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Bhole Baba: The godman who failed his devotees


It is July 3, the day after 121 people, most of them women, were killed during a stampede at a satsang (religious gathering) of a ‘godman’, Suraj Pal alias Narayan Sakar Hari, in Hathras, Uttar Pradesh. At two grounds, which are equidistant from reserve police lines, contrasting scenes play out.

At the first ground, excited men and children gather to catch a glimpse of Uttar Pradesh Chief Minister Yogi Adityanath. He has just flown down in a blue helicopter to inspect the administrative scramble following the stampede that drew both condolences and criticism from across the world.

At the second ground, the mood dramatically shifts. Grieving men and children congregate to bury Bhumi, 10, wrapped in a piece of blue cloth.

At both places, videos are shot. They will be uploaded later on social media.


Editorial | Avoidable tragedy: On the Hathras stampede 

As relatives start lowering Bhumi’s body into the grave, dug about 3 feet deep, Vinod Kumar uncovers her face and stares at his daughter for the last time. As the body underwent an autopsy, the chest has been stitched up. Bhumi had suffered injuries to her head in the stampede. Before she is laid to rest, Vinod removes an absorbent sheet from behind her neck, placed there the previous day to stop the bleeding.

Kitni chot aai hogi meri bitiya ko. Kitna dard hua hoga. Wo chillai bhi hogi. Koi bachane nahi aaya use (My daughter must have been injured badly. She must have been in so much pain. She must have even screamed. No one came to save her),” says Vinod.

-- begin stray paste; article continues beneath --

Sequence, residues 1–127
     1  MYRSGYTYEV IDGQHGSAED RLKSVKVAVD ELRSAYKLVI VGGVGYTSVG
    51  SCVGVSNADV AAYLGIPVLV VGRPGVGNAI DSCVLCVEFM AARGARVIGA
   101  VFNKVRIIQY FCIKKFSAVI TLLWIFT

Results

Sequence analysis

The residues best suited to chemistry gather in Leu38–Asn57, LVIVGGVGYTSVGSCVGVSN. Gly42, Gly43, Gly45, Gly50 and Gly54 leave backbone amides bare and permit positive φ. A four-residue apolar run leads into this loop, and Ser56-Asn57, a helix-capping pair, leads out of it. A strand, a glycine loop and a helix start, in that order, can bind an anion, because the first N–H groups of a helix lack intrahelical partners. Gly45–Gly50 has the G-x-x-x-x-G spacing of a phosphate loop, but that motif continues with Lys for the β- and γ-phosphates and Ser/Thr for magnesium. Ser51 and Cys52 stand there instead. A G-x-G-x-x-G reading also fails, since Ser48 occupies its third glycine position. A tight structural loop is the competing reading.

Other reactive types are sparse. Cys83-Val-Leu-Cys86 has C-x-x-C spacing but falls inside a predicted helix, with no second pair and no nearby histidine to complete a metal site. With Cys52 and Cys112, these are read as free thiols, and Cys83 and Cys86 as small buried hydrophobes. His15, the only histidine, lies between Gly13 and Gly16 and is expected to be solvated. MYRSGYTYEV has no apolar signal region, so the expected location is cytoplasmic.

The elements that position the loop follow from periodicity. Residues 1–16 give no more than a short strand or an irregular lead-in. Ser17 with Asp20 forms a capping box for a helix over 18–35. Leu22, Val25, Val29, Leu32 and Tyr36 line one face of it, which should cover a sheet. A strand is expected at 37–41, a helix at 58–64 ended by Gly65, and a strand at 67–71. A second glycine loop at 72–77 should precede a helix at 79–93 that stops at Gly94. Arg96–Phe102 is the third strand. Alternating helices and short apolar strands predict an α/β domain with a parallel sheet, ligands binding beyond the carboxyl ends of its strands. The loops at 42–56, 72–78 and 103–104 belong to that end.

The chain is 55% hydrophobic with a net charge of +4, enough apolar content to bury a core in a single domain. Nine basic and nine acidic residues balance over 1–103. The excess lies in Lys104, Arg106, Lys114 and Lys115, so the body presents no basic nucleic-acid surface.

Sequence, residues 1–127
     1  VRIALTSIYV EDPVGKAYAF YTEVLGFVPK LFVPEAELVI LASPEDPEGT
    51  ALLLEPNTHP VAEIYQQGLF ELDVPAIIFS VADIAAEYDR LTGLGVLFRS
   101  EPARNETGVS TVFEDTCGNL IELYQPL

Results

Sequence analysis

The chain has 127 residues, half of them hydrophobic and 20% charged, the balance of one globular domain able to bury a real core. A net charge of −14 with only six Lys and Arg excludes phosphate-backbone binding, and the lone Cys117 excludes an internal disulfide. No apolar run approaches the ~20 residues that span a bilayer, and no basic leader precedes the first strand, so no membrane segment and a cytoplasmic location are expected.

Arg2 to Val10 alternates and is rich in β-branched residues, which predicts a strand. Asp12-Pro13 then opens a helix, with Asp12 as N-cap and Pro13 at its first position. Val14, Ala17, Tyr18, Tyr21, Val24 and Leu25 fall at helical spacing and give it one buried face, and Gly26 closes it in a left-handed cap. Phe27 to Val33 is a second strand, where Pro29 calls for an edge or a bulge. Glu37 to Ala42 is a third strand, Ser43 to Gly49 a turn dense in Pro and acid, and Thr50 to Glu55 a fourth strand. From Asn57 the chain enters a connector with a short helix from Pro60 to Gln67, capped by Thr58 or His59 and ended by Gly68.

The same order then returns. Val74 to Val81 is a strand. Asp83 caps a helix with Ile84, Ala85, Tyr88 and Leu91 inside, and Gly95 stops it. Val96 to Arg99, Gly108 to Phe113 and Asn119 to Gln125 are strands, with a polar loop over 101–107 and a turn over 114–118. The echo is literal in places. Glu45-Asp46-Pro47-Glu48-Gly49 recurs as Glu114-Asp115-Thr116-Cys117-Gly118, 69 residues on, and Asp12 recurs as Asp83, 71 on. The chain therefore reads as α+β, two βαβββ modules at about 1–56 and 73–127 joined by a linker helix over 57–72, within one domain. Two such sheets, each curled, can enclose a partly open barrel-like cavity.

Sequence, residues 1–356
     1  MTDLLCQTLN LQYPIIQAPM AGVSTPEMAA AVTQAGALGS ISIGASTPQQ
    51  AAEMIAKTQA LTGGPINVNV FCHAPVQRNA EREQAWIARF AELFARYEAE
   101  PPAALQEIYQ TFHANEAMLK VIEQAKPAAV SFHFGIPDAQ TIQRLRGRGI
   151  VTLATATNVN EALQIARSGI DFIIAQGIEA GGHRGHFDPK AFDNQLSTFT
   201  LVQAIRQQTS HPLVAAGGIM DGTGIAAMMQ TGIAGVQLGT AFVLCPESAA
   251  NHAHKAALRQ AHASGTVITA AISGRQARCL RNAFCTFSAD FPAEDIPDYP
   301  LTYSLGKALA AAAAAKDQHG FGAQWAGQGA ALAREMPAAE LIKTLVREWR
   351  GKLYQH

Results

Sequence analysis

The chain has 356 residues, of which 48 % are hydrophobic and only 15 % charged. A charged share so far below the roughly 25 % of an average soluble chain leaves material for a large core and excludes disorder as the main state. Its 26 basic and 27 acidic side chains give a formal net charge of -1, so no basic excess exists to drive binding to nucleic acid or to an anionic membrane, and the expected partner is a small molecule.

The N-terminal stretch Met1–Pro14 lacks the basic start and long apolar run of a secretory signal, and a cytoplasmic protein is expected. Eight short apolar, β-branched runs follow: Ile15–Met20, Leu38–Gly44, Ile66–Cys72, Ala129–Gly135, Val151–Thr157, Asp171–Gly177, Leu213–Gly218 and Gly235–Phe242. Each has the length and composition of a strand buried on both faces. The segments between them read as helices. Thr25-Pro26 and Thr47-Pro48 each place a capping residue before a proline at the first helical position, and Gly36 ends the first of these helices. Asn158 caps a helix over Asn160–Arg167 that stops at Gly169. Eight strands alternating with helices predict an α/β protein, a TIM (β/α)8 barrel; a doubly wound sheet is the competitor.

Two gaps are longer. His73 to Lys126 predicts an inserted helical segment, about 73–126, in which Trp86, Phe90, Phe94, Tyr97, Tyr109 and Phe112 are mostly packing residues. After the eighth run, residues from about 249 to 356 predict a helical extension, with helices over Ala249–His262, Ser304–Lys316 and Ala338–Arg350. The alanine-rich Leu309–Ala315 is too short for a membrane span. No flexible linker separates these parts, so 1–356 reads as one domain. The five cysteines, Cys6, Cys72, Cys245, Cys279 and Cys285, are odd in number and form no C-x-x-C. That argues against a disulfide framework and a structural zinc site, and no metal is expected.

His older brother, Rajveer, stands by his side impatiently. In Sokhna village, just 1 kilometre away, the brothers need to perform two cremations after the girl’s burial: one for Vinod’s wife, Rajkumari, and the other for their mother, Jaimanti. Rajveer asks his brother to hurry up.

Vinod being consoled after the burial of his mother, wife and daughter after the stampede incident at Hathras in Uttar Pradesh on July 3, 2024.

Vinod being consoled after the burial of his mother, wife and daughter after the stampede incident at Hathras in Uttar Pradesh on July 3, 2024.
| Photo Credit:
R.V. Moorthy

It was Jaimanti’s wish to attend the satsang. She had persuaded her daughter-in-law and granddaughter to come along to listen to Bhole Baba, a term of endearment for the guru; it was their first time at the satsang.

Kalicharan, Vinod’s brother-in-law, explains how the stampede took place. “The frenzied crowd rushed to collect charan raj (soil from under the feet of the ‘godman’), but Bhole Baba left them to die. Forget taking responsibility for the incident, he did not even return to apologise,” he says. “In this family alone, three women from three generations have died in the tragedy.”